Dr. Laurie writes about how choosing a different visual image to represent pain has dramatic results, both emotionally as well as physically.
A new study came across my desk this week. It is in a digest of psychological research put out by a British group, and the article described the effect of changing one’s visualization of pain.
Participants in the study were chosen because they experienced chronic pain. For the research they were asked how they “saw” their pain. Most of them had negative physical images that arose and were quite powerful.
“After being interviewed about their baseline pain and their psychological state - including feelings of mental defeat, anxiety and depression - the participants were asked to select their most powerful and distressing pain-related mental image. "I see myself on all fours - like a dog but unable to move," said one. All participants spent time forming this "index image" in their mind before answering more questions about how they were feeling. Focusing on the unpleasant image increased pain and emotional distress. Remember, this is an image that the participants experienced spontaneously in their everyday lives (for nearly half of them, it came to mind several times a day).” http://www.researchdigest.org.uk/blogThe participants were then taught to “re-picture” their pain. They were asked to choose another visual image that could represent their pain. One individual saw himself at the beginning of a race, with the crowd cheering as he took off. The participants were asked to hold these mental images for several seconds, and then return to them.The results were fast and dramatic. Reported pain levels dropped, and participants felt better emotionally as well as physically.What does this suggest?Our minds hold some good medicine – as well as some potentially toxic images.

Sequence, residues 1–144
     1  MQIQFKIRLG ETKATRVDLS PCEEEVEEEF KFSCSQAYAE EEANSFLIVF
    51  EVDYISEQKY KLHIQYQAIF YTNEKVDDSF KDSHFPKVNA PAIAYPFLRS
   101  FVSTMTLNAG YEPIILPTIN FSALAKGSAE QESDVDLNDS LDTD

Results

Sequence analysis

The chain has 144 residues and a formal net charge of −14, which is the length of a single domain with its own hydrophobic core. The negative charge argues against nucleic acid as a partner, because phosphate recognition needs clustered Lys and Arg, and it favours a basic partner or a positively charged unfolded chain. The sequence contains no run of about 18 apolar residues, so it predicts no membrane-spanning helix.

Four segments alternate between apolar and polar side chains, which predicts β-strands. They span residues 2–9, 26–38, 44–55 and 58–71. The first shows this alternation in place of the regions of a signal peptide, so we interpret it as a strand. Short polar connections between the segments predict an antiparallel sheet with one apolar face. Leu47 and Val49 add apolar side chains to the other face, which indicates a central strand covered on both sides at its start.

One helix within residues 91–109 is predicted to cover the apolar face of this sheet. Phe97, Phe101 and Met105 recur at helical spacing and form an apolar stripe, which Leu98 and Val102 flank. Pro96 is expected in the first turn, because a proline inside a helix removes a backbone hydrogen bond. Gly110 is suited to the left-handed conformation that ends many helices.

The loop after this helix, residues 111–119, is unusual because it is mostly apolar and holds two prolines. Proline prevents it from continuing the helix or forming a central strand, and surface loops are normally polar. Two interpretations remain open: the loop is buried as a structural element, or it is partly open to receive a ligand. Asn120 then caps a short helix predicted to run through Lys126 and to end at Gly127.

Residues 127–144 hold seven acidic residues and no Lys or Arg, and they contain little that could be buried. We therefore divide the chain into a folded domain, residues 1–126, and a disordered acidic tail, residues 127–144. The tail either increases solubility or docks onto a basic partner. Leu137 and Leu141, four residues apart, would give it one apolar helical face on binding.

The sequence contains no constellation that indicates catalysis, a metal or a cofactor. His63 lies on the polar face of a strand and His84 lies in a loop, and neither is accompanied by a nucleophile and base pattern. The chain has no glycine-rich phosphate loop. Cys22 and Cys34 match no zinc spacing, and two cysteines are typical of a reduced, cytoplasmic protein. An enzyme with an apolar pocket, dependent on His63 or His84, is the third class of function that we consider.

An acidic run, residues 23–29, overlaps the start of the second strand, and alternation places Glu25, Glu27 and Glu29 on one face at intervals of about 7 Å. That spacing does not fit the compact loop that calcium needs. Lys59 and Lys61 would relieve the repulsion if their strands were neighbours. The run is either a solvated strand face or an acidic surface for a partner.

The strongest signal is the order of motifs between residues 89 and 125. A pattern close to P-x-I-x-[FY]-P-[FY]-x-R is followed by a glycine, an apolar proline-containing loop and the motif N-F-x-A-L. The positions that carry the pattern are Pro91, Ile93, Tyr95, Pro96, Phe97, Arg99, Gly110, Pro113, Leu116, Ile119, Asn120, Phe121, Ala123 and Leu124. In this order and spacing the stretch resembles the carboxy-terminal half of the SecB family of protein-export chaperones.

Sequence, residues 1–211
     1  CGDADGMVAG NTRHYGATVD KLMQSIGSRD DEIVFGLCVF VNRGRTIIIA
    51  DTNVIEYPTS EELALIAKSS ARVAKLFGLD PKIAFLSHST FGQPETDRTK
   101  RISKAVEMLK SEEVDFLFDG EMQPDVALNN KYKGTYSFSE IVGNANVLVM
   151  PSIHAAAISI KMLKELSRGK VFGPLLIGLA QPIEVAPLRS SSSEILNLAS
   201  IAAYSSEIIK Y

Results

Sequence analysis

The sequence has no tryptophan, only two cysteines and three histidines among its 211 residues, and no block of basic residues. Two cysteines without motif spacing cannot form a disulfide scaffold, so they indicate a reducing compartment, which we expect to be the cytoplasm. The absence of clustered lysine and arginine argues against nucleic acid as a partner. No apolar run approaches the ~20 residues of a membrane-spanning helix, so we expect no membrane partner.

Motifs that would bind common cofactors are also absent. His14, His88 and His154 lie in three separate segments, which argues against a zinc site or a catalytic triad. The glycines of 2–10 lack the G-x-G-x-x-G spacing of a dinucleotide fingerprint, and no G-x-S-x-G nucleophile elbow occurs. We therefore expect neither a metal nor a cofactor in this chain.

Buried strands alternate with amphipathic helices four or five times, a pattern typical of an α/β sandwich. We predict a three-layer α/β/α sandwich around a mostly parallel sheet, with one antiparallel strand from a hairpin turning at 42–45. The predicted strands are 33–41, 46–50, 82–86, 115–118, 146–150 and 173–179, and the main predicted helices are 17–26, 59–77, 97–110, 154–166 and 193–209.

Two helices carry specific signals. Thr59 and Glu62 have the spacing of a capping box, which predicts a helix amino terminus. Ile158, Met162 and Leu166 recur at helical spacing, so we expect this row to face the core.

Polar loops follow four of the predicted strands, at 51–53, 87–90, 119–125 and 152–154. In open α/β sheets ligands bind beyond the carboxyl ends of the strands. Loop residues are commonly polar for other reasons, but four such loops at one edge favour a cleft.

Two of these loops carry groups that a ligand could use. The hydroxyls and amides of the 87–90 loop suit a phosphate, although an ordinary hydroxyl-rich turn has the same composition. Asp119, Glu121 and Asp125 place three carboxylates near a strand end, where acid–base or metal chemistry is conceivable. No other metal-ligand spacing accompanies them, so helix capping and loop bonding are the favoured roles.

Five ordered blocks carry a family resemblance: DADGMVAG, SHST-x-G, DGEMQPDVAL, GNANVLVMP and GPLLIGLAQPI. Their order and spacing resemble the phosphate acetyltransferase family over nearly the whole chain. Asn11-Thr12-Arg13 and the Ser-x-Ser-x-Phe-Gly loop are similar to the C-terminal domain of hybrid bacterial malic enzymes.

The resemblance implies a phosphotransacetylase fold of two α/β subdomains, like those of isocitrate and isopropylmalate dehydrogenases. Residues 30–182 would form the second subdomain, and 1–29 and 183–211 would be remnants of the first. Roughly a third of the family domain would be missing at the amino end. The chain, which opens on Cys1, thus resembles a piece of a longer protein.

Take a moment and let yourself imagine your pain. Do you find more harmful pictures that flicker across your inner screen?Now do what these researchers did – distract yourself for a moment, as a way to “cleanse your inner palate”. Now re-script your pain. What is a positive image you could hold?Let yourself dwell on that positive picture. Feel it and allow yourself to be in that space.Now check in with your pain. What’s different?Research suggests that this is a process that can be – and needs to be – repeated frequently until the re-scripted image becomes the habit more than the old image and the feelings it holds.Check out the article to get a fuller description of the study, and then don’t just read about it. It only works if you try it!As always, let me know what you discover.
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